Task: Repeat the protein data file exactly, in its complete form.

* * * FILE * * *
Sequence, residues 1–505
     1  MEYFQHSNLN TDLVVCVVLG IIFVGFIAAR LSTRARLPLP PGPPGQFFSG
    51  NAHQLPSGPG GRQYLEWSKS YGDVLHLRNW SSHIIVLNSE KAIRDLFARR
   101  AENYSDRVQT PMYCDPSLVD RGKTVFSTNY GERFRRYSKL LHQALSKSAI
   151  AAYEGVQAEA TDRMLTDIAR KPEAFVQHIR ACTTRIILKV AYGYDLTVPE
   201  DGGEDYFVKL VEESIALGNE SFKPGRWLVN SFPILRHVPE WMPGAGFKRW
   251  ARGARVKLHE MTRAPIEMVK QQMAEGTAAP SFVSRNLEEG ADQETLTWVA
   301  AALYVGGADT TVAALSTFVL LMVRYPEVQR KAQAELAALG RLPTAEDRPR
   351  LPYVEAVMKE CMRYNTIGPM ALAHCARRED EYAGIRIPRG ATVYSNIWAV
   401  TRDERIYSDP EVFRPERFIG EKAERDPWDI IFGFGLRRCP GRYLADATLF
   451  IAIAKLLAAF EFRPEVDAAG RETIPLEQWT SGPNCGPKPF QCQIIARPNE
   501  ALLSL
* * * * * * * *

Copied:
Sequence, residues 1–505
     1  MEYFQHSNLN TDLVVCVVLG IIFVGFIAAR LSTRARLPLP PGPPGQFFSG
    51  NAHQLPSGPG GRQYLEWSKS YGDVLHLRNW SSHIIVLNSE KAIRDLFARR
   101  AENYSDRVQT PMYCDPSLVD RGKTVFSTNY GERFRRYSKL LHQALSKSAI
   151  AAYEGVQAEA TDRMLTDIAR KPEAFVQHIR ACTTRIILKV AYGYDLTVPE
   201  DGGEDYFVKL VEESIALGNE SFKPGRWLVN SFPILRHVPE WMPGAGFKRW
   251  ARGARVKLHE MTRAPIEMVK QQMAEGTAAP SFVSRNLEEG ADQETLTWVA
   301  AALYVGGADT TVAALSTFVL LMVRYPEVQR KAQAELAALG RLPTAEDRPR
   351  LPYVEAVMKE CMRYNTIGPM ALAHCARRED EYAGIRIPRG ATVYSNIWAV
   401  TRDERIYSDP EVFRPERFIG EKAERDPWDI IFGFGLRRCP GRYLADATLF
   451  IAIAKLLAAF EFRPEVDAAG RETIPLEQWT SGPNCGPKPF QCQIIARPNE
   501  ALLSL